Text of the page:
Friday, August 1, 2014

Jailed For Justice: Day 4, Dalton


We were super excited to head to Dalton Georgia for our 4th stop on the Jailed For Justice tour for a number of reasons. The organizers of the event had let us know ahead of time that they were really interested in having a focus on immigration reform as Dalton has a very high percentage of Latino’s and many in their active groups our undocumented youth. This was a great opportunity for us to invite Georgia Dreamers, Lucino Gropar and Arturo Martinez, who had been arrested during a protest outside the Georgia Board of Regents meeting earlier this year, an action that was co-sponsored by Moral Monday Georgia.

For those that don’t know undocumented people are banned from attending the top five public universities in Georgia and must pay international tuition at any other publically funded schools in the state. Georgia is one of the few states in the nation that has gone so far to make young immigrants like Lucino and Arturo feel especially unwelcomed to receive an education.

When we showed up to the venue it was brimming with action. There was a whole line of amazing food, an amazingly diverse group of black, white, brown, old, and young people, all excited to be there. Turnout was great thanks to a really great local turnout effort by Dalton organizers.

Lucino, Arturo, and Jackie Rodriguez all gave really heartfelt amazing testimony about their path to civil disobedience which was interrupted multiple times for applause. After the panel we opened it up for Dalton residents to share their experience, talk about what it would take to build a Moral Monday movement in Dalton, and what fights our winnable in the area.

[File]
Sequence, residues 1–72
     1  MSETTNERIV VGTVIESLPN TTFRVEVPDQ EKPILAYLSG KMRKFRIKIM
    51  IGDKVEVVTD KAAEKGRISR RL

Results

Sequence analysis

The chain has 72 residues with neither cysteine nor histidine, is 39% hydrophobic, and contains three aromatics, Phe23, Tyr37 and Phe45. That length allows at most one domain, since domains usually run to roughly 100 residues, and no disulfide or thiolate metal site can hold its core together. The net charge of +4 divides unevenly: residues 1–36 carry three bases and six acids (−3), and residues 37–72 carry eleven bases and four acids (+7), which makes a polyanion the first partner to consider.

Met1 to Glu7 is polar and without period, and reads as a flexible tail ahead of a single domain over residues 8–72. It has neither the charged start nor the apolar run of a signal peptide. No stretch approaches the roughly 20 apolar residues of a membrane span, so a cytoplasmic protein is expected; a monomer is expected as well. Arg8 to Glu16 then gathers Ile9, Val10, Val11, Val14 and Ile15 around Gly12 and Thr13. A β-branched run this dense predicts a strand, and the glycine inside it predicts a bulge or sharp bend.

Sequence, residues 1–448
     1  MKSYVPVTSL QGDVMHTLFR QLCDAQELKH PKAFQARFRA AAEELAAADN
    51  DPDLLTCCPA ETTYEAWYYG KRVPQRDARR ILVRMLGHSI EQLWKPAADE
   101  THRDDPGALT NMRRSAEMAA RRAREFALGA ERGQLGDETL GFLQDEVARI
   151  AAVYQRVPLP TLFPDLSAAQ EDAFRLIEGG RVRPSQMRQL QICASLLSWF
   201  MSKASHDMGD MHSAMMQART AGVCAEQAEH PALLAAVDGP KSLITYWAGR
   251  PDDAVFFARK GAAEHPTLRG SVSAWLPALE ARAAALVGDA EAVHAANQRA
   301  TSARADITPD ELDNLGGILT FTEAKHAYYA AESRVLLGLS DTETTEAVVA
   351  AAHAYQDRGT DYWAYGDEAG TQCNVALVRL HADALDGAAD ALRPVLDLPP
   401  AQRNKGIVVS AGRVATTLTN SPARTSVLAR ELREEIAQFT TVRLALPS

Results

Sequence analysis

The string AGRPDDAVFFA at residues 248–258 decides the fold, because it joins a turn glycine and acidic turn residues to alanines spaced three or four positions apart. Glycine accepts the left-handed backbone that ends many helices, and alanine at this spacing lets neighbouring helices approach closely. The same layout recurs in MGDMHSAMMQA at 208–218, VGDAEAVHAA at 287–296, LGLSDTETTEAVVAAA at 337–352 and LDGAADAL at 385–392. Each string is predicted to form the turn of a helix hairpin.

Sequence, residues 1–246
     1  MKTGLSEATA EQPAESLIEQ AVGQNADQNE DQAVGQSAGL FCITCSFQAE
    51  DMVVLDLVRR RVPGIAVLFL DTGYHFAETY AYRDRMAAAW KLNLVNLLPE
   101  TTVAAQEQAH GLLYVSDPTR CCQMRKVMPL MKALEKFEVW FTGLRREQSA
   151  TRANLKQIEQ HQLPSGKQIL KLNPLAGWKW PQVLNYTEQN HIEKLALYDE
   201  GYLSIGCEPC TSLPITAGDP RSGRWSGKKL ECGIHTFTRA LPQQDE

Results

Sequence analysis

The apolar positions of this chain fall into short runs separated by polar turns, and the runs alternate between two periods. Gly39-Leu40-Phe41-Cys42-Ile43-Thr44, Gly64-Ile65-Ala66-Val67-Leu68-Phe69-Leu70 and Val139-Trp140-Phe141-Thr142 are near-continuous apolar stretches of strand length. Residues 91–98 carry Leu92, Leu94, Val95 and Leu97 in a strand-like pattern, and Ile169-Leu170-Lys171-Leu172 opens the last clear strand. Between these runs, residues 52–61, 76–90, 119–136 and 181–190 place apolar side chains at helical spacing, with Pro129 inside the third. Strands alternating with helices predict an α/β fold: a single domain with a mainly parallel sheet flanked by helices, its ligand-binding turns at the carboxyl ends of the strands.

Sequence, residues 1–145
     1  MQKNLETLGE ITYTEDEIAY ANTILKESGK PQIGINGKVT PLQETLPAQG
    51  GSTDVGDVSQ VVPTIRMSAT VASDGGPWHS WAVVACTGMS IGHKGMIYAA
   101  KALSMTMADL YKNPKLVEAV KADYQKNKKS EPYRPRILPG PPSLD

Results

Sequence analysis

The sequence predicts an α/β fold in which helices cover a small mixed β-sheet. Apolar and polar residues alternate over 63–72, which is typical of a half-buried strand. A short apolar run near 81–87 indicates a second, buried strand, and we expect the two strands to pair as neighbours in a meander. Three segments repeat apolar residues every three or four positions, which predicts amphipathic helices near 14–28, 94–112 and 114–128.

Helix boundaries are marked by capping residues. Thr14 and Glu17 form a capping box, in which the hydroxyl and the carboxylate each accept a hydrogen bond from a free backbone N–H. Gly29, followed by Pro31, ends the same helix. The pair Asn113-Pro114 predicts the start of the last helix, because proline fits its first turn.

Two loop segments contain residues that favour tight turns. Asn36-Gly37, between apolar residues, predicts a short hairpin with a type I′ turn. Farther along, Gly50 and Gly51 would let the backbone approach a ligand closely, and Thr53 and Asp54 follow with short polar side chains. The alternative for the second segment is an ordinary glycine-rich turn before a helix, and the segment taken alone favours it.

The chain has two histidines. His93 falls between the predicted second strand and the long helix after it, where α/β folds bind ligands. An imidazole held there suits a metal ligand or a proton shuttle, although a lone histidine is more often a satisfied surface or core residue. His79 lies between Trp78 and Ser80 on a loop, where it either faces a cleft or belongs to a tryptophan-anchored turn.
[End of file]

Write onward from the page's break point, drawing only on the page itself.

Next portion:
We also asked folks to commit to bringing carloads of folks to the August 23rd Moral March on Georgia.



We closed the evening with a truly powerful candlelight vigil for just immigration reform and all the innocent children being held at our border.

Jailed For Justice Tour: Day Two Riverdale


As I listened to the honorable Rev. Fred Taylor speaking at last night’s Clayton County stop for the Moral Monday Tour I was inspired. It was a perfect match; an iconic leader who has embraced the ideal of being jailed for justice 28 times, addressing a location that is struggling with so many of the injustices Moral Monday has rallied against. When we stepped into Clayton County for the 2nd in a 16 day tour around the state it was not about just sharing out stories. It was not just about hearing of our actions of the past, it was about what we need right now. It was about the problems facing Clayton County and the offering of hope. Hope that when we come together over the issues that are facing our communities we will win because that is what Moral Monday is. It is the hope for a better Georgia and the reality that we can make it happen together.

As we discussed the Moral Monday platform it was clear that it was resonating with the crowd, our platform was built from the struggles that are facing everyday Georgians because that is what we are. We are everyday Georgians who have decided to raise their voices and speak out against the many injustices that are facing our neighborhoods and state. Our stop in Clayton County was just the beginning of a conversation. How can we work together to bring change? Moral Monday could be the answer.